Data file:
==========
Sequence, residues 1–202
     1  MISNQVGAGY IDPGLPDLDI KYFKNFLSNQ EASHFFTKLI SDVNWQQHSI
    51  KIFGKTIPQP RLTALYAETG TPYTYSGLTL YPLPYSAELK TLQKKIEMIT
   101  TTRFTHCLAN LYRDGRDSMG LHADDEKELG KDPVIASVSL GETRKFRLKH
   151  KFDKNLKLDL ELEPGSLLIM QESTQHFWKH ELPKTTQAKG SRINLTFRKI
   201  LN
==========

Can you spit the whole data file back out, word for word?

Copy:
Sequence, residues 1–202
     1  MISNQVGAGY IDPGLPDLDI KYFKNFLSNQ EASHFFTKLI SDVNWQQHSI
    51  KIFGKTIPQP RLTALYAETG TPYTYSGLTL YPLPYSAELK TLQKKIEMIT
   101  TTRFTHCLAN LYRDGRDSMG LHADDEKELG KDPVIASVSL GETRKFRLKH
   151  KFDKNLKLDL ELEPGSLLIM QESTQHFWKH ELPKTTQAKG SRINLTFRKI
   201  LN